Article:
Netflix established its market-leading position by investing heavily in its content catalogue, first by buying up the rights to popular television shows and films and then pouring hundreds of millions into exclusive content. That investment was necessary to establish a market leading position against its historical rivals Amazon Prime, which benefits from the deeper pockets of its parent company, and Hulu in the USA.
Netflix’s investment in its own exclusive content catalogue also helped compensate for the loss of popular shows like The Office, The Simpsons and Friends. When deals for the rights to these shows and many hit films have ended over the past few years their owners have chosen not to resell them to Netflix. Mainly because they planned or had already launched rival streaming services like Disney+ (The Simpsons) and HBO Max (The Office and Friends).
Netflix will continue to show third party content it acquires the rights to. But with the bulk of the most popular legacy television and film shows now available exclusively on competitor platforms launched by or otherwise associated with rights holders, it will rely ever more heavily on its own exclusive content.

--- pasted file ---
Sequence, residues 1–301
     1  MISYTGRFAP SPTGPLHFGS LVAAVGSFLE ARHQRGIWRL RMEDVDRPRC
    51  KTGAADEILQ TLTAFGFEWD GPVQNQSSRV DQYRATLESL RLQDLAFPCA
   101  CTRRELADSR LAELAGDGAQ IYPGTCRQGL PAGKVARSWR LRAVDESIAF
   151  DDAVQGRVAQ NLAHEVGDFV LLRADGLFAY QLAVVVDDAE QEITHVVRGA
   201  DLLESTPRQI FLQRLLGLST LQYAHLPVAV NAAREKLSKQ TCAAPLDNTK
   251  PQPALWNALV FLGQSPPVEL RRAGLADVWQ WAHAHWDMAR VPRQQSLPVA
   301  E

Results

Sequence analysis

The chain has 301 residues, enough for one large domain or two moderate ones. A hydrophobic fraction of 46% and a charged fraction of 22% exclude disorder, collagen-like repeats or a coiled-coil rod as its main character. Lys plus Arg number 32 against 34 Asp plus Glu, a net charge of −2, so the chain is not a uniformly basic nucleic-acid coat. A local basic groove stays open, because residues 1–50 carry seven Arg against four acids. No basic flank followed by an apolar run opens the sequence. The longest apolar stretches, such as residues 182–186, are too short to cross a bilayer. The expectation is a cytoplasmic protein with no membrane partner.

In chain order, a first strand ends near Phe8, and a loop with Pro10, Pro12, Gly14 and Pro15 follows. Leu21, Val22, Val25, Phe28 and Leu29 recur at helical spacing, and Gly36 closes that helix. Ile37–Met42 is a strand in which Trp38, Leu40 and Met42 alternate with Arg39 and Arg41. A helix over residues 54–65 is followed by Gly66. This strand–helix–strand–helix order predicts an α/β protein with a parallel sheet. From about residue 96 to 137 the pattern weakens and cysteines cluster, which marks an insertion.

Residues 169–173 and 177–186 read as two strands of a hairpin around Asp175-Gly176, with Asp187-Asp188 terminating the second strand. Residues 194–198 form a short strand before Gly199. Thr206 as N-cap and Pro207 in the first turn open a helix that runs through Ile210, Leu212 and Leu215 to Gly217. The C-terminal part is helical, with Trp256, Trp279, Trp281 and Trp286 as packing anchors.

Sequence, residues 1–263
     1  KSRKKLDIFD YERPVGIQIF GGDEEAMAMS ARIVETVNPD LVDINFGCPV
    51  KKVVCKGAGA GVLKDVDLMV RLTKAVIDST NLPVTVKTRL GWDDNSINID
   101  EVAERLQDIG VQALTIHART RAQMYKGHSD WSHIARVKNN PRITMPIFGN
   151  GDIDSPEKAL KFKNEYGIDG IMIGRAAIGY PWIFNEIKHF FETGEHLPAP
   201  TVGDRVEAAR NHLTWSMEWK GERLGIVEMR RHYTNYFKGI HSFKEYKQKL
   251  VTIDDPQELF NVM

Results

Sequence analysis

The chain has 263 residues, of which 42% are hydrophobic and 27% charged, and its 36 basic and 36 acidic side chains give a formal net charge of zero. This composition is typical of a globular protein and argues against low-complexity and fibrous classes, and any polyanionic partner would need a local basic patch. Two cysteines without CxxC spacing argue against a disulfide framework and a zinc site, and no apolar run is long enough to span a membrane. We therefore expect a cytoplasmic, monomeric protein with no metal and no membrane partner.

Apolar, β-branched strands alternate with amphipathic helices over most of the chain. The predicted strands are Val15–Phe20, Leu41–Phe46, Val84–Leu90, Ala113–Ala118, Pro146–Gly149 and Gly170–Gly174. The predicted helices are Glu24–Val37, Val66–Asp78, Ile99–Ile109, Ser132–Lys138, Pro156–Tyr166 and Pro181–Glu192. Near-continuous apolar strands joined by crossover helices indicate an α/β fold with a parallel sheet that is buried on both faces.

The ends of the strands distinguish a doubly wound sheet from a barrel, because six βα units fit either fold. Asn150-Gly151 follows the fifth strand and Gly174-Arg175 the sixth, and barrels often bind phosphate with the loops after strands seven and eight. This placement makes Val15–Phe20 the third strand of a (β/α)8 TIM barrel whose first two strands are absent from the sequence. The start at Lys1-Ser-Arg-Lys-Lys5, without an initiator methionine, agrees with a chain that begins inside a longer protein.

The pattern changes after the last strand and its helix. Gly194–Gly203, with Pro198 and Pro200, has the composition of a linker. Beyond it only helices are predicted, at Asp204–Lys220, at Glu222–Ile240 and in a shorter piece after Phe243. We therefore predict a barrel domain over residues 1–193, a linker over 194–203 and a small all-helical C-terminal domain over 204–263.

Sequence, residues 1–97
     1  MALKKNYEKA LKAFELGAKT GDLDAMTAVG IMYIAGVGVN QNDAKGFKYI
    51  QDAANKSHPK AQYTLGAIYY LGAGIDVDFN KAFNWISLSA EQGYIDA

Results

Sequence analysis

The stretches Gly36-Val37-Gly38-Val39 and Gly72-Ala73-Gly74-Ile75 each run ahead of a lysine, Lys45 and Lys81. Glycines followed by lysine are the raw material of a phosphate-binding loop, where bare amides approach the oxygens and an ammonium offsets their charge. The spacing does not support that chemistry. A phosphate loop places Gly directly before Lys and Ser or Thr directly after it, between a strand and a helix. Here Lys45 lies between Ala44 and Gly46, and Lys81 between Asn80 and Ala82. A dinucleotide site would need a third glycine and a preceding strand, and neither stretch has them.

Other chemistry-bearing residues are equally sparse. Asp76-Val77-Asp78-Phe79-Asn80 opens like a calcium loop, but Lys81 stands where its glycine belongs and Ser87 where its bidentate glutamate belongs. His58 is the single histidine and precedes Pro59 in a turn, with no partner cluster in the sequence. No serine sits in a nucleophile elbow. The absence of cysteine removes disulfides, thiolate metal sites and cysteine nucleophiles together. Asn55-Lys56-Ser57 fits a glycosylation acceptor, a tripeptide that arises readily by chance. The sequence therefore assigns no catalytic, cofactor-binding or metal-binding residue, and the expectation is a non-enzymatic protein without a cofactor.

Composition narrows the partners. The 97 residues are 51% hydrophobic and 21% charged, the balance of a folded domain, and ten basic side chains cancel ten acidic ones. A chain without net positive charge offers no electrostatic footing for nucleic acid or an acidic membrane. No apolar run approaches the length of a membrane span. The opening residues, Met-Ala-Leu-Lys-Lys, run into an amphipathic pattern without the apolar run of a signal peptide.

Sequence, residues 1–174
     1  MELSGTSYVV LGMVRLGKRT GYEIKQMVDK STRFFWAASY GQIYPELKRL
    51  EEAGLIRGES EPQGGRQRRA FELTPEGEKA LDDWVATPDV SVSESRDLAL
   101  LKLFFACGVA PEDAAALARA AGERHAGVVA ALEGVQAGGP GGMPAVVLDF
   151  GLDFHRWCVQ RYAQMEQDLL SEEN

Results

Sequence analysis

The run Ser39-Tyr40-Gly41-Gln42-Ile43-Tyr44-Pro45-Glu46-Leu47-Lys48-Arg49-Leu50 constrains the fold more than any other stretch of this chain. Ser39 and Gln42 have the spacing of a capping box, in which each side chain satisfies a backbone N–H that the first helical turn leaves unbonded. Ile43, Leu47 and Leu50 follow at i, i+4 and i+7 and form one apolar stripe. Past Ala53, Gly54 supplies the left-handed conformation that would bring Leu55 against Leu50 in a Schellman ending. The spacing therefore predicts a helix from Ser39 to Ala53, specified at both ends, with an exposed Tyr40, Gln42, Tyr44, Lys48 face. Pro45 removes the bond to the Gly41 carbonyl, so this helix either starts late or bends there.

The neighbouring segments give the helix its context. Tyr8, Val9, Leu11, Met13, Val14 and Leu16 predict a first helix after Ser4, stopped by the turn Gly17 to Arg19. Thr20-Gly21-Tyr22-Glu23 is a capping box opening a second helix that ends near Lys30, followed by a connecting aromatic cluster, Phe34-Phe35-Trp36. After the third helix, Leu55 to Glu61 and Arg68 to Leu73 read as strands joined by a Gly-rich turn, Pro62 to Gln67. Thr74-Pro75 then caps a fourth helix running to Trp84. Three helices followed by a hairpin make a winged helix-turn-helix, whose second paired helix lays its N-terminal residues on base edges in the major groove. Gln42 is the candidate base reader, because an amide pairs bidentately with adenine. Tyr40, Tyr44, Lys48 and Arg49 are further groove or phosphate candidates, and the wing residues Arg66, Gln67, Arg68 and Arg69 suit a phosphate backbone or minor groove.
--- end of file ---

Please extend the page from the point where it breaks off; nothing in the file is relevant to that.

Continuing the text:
That means continued investment, the expected budget for this year is $17 billion, which will put a strain on profitability. But most analysts expect the company to continue to be a major player in the video streaming sector.
Its strategy to invest in localised content produced specifically for international markets has proven a good one. It has strengthened its offering on big international markets like Japan, South Korea, India and Brazil compared to rivals that exclusively offer English-language content produced with an American audience in mind.